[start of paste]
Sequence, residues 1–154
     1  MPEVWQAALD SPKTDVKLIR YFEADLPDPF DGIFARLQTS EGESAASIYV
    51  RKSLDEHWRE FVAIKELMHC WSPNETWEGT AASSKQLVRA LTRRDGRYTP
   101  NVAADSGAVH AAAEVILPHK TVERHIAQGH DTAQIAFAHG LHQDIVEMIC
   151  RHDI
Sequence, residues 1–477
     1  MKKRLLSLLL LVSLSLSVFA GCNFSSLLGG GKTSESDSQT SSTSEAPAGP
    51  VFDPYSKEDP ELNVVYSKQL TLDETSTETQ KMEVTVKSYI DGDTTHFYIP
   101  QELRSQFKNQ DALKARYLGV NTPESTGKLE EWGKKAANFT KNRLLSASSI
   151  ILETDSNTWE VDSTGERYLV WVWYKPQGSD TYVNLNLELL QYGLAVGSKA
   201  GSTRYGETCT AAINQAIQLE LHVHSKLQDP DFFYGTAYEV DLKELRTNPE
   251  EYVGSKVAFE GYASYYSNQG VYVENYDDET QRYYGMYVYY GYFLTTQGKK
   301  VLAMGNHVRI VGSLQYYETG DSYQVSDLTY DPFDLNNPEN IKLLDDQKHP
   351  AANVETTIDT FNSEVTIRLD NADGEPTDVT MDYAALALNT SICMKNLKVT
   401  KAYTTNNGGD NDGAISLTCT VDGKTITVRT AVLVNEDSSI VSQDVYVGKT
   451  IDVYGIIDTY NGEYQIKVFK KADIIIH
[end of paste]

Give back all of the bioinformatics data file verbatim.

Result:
Sequence, residues 1–154
     1  MPEVWQAALD SPKTDVKLIR YFEADLPDPF DGIFARLQTS EGESAASIYV
    51  RKSLDEHWRE FVAIKELMHC WSPNETWEGT AASSKQLVRA LTRRDGRYTP
   101  NVAADSGAVH AAAEVILPHK TVERHIAQGH DTAQIAFAHG LHQDIVEMIC
   151  RHDI
Sequence, residues 1–477
     1  MKKRLLSLLL LVSLSLSVFA GCNFSSLLGG GKTSESDSQT SSTSEAPAGP
    51  VFDPYSKEDP ELNVVYSKQL TLDETSTETQ KMEVTVKSYI DGDTTHFYIP
   101  QELRSQFKNQ DALKARYLGV NTPESTGKLE EWGKKAANFT KNRLLSASSI
   151  ILETDSNTWE VDSTGERYLV WVWYKPQGSD TYVNLNLELL QYGLAVGSKA
   201  GSTRYGETCT AAINQAIQLE LHVHSKLQDP DFFYGTAYEV DLKELRTNPE
   251  EYVGSKVAFE GYASYYSNQG VYVENYDDET QRYYGMYVYY GYFLTTQGKK
   301  VLAMGNHVRI VGSLQYYETG DSYQVSDLTY DPFDLNNPEN IKLLDDQKHP
   351  AANVETTIDT FNSEVTIRLD NADGEPTDVT MDYAALALNT SICMKNLKVT
   401  KAYTTNNGGD NDGAISLTCT VDGKTITVRT AVLVNEDSSI VSQDVYVGKT
   451  IDVYGIIDTY NGEYQIKVFK KADIIIH